Study: Enrichment and human interaction can reduce fear aggression in shelter dogs

Fearful Chihuahua on blue backgroundPutting unsafe dogs out into the community is not something an animal shelter wants to do. However, the stress of entering a shelter may cause otherwise non-aggressive dogs to display fear-induced aggressive behavior. Is there anything shelters can do to mitigate this problem?

That was the subject of a study published in the August 2019 issue of Applied Animal Behaviour Science. The researchers examined “whether a program of enrichment centered around a form of human interaction known to reduce the stress of shelter dogs would also reduce the aggression of fearful dogs and improve their general welfare.”

In the study, fearful dogs displaying signs of aggressive behavior and a dogs who were not showing signs of fear or aggression, were put into groups that did or did not receive half an hour each day of human interaction in a quiet room during their first five days in the shelter. Signs of fear included:

Cowering in the back of the kennel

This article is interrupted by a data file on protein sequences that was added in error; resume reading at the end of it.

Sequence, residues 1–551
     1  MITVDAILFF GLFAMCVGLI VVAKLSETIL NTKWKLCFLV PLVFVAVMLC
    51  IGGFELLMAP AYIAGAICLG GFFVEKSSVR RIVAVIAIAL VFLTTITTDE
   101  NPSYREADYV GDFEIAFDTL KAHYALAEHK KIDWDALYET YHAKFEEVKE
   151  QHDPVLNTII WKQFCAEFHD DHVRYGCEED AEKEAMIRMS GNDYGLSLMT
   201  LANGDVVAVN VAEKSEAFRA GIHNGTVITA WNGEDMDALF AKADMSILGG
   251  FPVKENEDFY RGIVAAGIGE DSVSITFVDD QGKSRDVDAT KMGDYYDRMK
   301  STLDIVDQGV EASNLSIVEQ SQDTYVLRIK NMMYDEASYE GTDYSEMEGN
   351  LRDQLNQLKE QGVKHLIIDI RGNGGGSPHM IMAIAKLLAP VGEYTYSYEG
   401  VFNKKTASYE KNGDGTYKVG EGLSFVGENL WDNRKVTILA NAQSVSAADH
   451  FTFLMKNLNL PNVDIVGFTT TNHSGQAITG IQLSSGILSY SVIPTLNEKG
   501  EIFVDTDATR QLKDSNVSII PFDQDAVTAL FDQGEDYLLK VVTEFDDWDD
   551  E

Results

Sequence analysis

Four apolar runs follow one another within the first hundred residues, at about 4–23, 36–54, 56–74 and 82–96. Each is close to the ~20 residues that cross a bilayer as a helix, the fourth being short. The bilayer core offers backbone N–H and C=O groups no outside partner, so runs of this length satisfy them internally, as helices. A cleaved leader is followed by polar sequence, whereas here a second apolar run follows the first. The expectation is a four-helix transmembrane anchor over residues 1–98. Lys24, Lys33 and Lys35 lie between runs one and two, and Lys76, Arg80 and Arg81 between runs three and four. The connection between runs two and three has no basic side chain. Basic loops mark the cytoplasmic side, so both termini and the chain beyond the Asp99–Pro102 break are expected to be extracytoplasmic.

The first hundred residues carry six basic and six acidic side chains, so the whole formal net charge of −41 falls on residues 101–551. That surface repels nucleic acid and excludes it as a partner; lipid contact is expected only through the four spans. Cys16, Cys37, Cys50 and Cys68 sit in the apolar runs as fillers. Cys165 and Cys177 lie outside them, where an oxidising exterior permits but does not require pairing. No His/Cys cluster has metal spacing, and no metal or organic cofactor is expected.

• Shivering
  • Piloerection
  • Avoiding eye contact
  • Panting continuously

Fearful dogs who did not show signs of aggression and dogs who showed signs of aggression but did not show signs of fear were not included in the study.

After the test period they used the SAFER test, which they described as “a standard test of dog aggression as typically implemented in this shelter to determine eligibility for adoption.” The authors concluded:

Our results strongly underscore the vulnerability of fearful dogs in a shelter environment. Of the 46 dogs across our two studies that were judged to be fearful and were not provided human interaction and other aspects of enrichment during their first days in the shelter, only 12 (26%) passed the SAFER test. If fearful dogs received our enrichment procedure, performance on the SAFER sharply improved, with 38 of 48 (79%) then successfully completing the SAFER.


So while fearful dogs in shelters are vulnerable, the vulnerability is not inevitable. Providing relatively brief human interaction in a quiet area with other elements of enrichment (e.g., treats, toys) can be a powerful means of reducing the aggressiveness of these animals, and appears to also improve their affective state, at least under the conditions tested with our cognitive bias procedure. These results offer further evidence for the measureable, beneficial effects that human interaction in a comforting environment can have for dogs admitted to animal shelters.

Regina M. Willen, Patricia A. Schiml, Michael B. Hennessy, Enrichment centered on human interaction moderates fear-induced aggression and increases positive expectancy in fearful shelter dogs,
Applied Animal Behaviour Science, Volume 217, 2019, Pages 57-62, ISSN 0168-1591,